Afternoon Tea in Jerusalem Blog

In addition to my work as a business coach, one of my interests is blogging about life in Israel. This is a country full of contrasts – over eight million citizens living in an area the size of Wales. You can see snow and the lowest place on the globe in the same day. Although surrounded by geopolitical extremes, Israel has achieved a decade of high economic growth. My work brings me in contact with an array of new companies, exciting technologies and dynamic characters. Sitting back with a relaxing cup of strong tea (with milk), you realise just how much there is to appreciate in the Holyland. Large or small operations, private sector or non profit, my clients provide experiences from which others can learn and benefit.

Most people reading this will not have heard of Ezra P. Gorodesky. If you look him up on the Israel Museum website in Jerusalem, he is described as a painter, born in 1928.

Ezra P. Gorodesky passed away this week and thousands of people suddenly felt very sad and empty. So what was so special about this gentleman that i feel compelled to write about him?

He was Philadelphia born, who arrived in Israel in 1960 and then decided to give up his American citizenship. He was an avid collector. In his conversations with me, he was particularly proud of his manuscripts and teapots. But his story is deeper than that.

Ezra could always be found walking around the centre of Jerusalem. You had the feeling that all the shop owners and coffee vendors knew him. Whenever I ventured into town, I would often factor into my day an ‘extra five minutes for Ezra’. Somehow, he would always find you.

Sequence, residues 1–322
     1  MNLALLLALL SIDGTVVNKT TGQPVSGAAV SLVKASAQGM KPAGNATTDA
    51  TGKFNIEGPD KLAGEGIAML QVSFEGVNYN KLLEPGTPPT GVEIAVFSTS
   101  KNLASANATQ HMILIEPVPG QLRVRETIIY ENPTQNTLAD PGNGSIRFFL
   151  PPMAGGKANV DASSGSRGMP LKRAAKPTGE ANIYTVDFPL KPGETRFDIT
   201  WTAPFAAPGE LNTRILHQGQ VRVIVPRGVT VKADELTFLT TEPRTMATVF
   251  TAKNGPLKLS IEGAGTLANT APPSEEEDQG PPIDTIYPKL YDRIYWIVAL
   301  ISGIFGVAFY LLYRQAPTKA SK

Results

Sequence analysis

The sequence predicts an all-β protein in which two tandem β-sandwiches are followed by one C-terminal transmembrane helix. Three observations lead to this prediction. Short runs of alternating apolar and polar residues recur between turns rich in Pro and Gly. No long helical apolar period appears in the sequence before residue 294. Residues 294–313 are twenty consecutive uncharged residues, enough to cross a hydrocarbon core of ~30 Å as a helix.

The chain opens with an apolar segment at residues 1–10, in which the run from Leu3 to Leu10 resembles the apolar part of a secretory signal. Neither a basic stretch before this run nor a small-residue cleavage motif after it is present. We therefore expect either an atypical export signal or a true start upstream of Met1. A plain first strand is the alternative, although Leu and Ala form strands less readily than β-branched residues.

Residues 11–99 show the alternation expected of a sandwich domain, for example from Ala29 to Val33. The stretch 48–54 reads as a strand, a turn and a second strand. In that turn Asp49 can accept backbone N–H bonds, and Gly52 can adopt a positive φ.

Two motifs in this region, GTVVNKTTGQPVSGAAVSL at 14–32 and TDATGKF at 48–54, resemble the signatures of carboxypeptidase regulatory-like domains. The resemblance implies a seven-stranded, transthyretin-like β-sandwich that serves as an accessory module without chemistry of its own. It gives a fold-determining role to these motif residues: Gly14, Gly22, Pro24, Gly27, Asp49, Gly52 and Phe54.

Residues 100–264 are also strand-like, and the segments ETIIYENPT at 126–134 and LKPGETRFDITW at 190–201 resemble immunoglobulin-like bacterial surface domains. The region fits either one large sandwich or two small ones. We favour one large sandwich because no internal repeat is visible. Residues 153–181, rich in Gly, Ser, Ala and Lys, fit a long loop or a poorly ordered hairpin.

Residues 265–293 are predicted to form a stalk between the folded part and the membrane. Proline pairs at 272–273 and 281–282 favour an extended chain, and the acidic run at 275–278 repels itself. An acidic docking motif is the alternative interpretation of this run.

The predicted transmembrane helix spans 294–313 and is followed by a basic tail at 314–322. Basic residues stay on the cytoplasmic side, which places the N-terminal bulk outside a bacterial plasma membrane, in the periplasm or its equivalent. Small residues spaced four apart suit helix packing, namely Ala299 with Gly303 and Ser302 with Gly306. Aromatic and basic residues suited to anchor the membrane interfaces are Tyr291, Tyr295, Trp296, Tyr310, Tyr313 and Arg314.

You would see him emerging out of the crowd. In later years, his walking stick was his trademark. He always had a smile. Never a bad word. Never a coarse word – although he was full of double-entendres with a endearing wink.

He was the bedrock of the Spanish and Portuguese Synagogue in the Old City of Jerusalem. He was always first there on Shabbat mornings, setting up the place. It was only when he was way past 80 that he would agree to any kind of assistance.

It was here that I met him for the first time in 1983. A few years later, when I married, his first conversation to my wife was as if she was a long-time friend. He always had bundles of time for our children – in fact , for every member of the community whatever age or background. You saw him and you felt good.

My daughter has this wonderful story about Ezra. She had a summer-holiday job, working in a coffee shop, close to the Old City of Jerusalem. In he walked. She was thrilled. They gave each other a big greeting.

The owner was stunned. How did she know him? Her reply is so appropriate, even today. “Everyone knows Ezra”. And we will continue to cherish his supreme values. Thanks Ezra for everything.

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